4 Changes in Your Business Environment That Increase Productivity

Productivity is a keyword of the business world. Every business owner and manager look at strategies to transform the way they interact with their team to increase the overall productivity of the company. Some choose to track the current productivity, by comparing the working hours and the targets that employees need to meet. Others decide to encourage their staff by setting competitive targets.

Meeting the target means getting the reward, in most cases, whether it is a monetary reward or a public praise. But there are also significant changes that you can make to the business processes and structure. Your employees can only perform as well as their work environment allows. So let’s look at four methods to improve the work environment in the office.

1. Implement Collaborative Tools

You have surely heard of cloud computing, a way of keeping your work files and processes accessible online. Working with cloud tools enables your team to collaborate on a document or a project at the same time. However, as cloud tools exist online, they need to be secure to protect your data. It’s important to find a cloud service provider who can offer a professional hosting service: This will provide a security barrier against spyware and hackers. Dyrand is a name you want to remember if you are looking for an MS-compatible clouding system, as the company is a certified Microsoft Gold Host expert. With collaborative tools, the key is to find a provider you can trust so that your team can combine forces with worries!

2. Don’t Micro-Manage Your Staff

Are you one of these managers who needs to check every single step that your employees take? Beware, this is micromanagement, and it damages productivity. Indeed, by micromanaging your staff, you destroy their sense of initiative, their job satisfaction, and their trust in you. Gradually, employees lose interest and perform less. A management alternative is to discuss project approaches and ideas with your employees and to trust them to do the job you’ve hired them for.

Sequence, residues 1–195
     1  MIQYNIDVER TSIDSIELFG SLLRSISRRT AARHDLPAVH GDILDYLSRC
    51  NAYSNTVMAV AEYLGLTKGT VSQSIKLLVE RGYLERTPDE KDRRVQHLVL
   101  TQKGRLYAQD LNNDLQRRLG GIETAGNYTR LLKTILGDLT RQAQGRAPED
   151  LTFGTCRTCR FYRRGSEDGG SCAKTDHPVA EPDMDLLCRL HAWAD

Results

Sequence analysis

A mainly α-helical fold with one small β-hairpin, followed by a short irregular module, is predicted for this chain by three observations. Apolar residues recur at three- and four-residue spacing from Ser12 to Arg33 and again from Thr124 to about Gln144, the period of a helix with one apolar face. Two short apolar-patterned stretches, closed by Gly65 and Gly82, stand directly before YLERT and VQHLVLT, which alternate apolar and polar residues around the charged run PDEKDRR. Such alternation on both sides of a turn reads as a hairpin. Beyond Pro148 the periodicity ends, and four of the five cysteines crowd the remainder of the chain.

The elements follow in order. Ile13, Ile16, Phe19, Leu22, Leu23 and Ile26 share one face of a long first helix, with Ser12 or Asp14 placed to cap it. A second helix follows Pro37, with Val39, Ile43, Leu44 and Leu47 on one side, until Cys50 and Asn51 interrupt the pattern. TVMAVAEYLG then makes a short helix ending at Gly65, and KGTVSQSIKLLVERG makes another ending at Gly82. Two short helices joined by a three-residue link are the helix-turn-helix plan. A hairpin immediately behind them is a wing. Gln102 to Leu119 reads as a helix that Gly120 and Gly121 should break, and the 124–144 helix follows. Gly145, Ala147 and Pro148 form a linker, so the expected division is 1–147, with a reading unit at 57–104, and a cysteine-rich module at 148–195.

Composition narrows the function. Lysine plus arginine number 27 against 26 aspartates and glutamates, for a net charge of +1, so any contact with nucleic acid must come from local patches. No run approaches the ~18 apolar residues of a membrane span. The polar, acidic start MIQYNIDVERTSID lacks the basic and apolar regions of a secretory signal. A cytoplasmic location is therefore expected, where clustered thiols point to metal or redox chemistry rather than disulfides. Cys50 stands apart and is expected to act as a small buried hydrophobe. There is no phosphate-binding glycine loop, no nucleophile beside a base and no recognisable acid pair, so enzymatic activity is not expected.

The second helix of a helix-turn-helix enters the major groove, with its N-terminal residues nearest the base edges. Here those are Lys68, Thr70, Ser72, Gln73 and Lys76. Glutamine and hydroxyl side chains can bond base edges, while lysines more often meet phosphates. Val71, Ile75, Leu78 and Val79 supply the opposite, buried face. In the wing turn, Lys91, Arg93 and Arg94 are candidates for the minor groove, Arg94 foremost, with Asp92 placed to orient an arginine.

3. Let Employees Manage Their Life

Employees value their work/life balance and resent working long hours when they could be with their family. Additionally, overtime work doesn’t improve productivity at all. When the natural fatigue kicks in, the productivity drops below its original level. Consequently, it’s important to look for ways to maximize a healthy work/life balance, with flexible or remote work solutions or a better-defined workload. Helping employees to be in control of their time boosts the overall productivity. After all, people are more likely to stay focus if they work short hours.

4. Don’t Blame Your Employees

Finally, you should refrain from blaming employees. Mistakes happen; even the best employee is only human. Putting the blame on them is not a constructive approach. First, it doesn’t solve the issue. Secondly, it places unnecessary pressure on your employees. Advising and designing an emergency plan to sort the issue out are signs of positive leadership. A good leader can earn the respect and trust of his and her employees. In the end, people are happy to make an extra effort for a good leader. They wouldn’t for someone who blames them for every mistake.